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For the past seven years Mali, Niger, and Burkina Faso, also known as the Liptako-Gourma region, has been caught in the grips of an intensifying spiral of violence, which has cost thousands of lives.
Most efforts to address the conflict have revolved around military-dominated and particularly counter-terrorism operations, but conflict prevention and resolution focused on better management of land and natural resources may help to create the conditions for sustainable peace.
On Tuesday 15th March 2022, the European Institute of Peace, TrustWorks Global and the Directorate of Defence of the Ministry of Foreign Affairs of Luxembourg are launching an 18-month project to promote the inclusion of land and natural resource issues in conflict prevention and resolution in the border region (called Liptako Gourma) of Mali, Burkina Faso, and Niger in West Africa.
“We are delighted to be partnering with Luxembourg and EIP on this important new initiative. We look forward to working with diverse local, national, regional, and international partners on the ground to advance environmental peacemaking, and our shared efforts to bolster a sustainable peace in the Liptako Gourma region”. – Josie Lianna Kaye, Founder and Director of TrustWorks Global.
Since 2015, violence previously contained in north Mali has spread southwards into Burkina Faso and eastwards into Niger. As violence has escalated and activities of armed groups proliferated, the international community’s response has become dominated by counter-terrorism approaches.
Despite vast investments by the international community across the main facets of the ‘triple nexus’ – peace, development, and humanitarian interventions – there is little evidence to suggest that these efforts have contributed to a reduction in violence. On the contrary, as the number of initiatives continue to proliferate and the amount of financial investment continues to rise, the situation has deteriorated further.
EIP and TrustWorks, with financial support from the Directorate of Defence of Luxembourg’s Ministry of Foreign Affairs, are launching an 18-month, root-cause based approach to re-orienting international efforts in the Liptako Gourma through the lens of environmental peacemaking.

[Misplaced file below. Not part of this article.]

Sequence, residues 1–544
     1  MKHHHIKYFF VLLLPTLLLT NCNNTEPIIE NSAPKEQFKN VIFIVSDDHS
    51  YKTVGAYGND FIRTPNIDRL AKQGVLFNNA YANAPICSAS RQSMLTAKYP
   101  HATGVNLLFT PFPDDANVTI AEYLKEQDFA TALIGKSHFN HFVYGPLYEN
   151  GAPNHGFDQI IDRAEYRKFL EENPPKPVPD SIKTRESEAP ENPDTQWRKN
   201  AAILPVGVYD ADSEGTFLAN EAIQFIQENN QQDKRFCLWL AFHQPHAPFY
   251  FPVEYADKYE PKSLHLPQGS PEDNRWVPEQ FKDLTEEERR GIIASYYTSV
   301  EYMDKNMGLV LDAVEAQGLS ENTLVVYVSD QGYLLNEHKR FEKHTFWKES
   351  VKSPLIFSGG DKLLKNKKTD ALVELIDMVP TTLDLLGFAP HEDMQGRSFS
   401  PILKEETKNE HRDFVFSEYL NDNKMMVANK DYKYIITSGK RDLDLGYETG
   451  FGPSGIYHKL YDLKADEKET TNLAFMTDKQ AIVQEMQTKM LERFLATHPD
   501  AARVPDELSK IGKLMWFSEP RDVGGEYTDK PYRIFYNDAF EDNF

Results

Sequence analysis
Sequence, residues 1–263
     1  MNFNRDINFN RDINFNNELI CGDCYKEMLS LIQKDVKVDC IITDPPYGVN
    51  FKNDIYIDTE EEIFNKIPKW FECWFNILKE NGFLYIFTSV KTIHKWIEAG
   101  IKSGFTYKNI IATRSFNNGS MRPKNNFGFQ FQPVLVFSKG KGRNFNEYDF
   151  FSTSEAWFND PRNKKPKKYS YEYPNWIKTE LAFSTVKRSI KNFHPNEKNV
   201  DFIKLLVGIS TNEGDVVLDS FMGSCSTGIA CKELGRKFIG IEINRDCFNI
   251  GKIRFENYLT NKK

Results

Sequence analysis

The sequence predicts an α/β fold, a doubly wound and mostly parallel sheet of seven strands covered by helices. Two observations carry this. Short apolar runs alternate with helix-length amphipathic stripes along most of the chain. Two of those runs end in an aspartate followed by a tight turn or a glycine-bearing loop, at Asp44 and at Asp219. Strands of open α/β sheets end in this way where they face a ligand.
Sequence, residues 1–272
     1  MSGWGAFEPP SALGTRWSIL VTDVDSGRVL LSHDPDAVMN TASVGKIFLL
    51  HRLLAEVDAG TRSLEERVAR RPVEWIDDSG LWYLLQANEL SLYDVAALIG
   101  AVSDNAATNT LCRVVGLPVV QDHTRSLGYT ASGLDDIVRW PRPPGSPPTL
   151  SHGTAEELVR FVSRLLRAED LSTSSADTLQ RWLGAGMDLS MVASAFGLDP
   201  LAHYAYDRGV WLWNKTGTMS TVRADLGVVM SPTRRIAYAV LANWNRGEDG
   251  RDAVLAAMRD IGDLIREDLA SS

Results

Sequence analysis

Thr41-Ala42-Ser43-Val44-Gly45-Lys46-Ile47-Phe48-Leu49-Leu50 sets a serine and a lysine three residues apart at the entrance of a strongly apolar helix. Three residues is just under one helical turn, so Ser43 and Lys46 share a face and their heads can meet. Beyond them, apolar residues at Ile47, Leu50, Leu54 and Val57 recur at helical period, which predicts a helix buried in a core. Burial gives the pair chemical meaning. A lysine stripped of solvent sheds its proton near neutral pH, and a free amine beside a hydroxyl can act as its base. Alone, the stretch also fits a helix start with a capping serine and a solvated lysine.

“This initiative develops a fresh approach to conflict prevention and resolution in the Liptako-Gourma region. It integrates an understanding of deep-rooted natural resource issues and the increasing crisis created by climate change. By doing so, we hope it will inspire new ways of operating – in the region and beyond – that are based on solving and preventing conflicts by addressing the needs of people, and the root causes of conflict and insecurity. We are excited to set out on this path with Luxembourg and TrustWorks Global and to engage with a wide range of actors to make it a reality” – Paul Seils, Director of Peace Practice and Innovation of the European Institute of Peace (EIP).
Environmental peacemaking seeks to pursue more effective prevention and resolution of conflict by addressing core climate, environmental and natural resource drivers of conflict. This includes bringing divided communities together and support them to find new ways for sharing and governing the natural resources (such as land, water and minerals) of their territory in a sustainable manner and jointly address common environmental pressures and climate-related challenges, such as desertification and the lack of water.
The protection, equitable sharing and sustainable management of land and natural resources are the essential and long-term conditions for sustained peace and economic growth in the region, and these issues will continue to intensify as a result of climate change. More needs to be done to engage new and powerful actors on the ground in ways that support local solutions, contribute to identifying peace dividends and designing investments that can sustain agreements.
“We are convinced that by finding a way to integrate land and natural resources governance into existing peace making approaches, we will contribute to significantly increase the chances of peace in the Sahel region. I hope that the lessons learnt through this project will also contribute to a more comprehensive approach in our foreign, security and defence policy”. – François Bausch, Deputy Prime Minister, Minister of Defence of Luxembourg.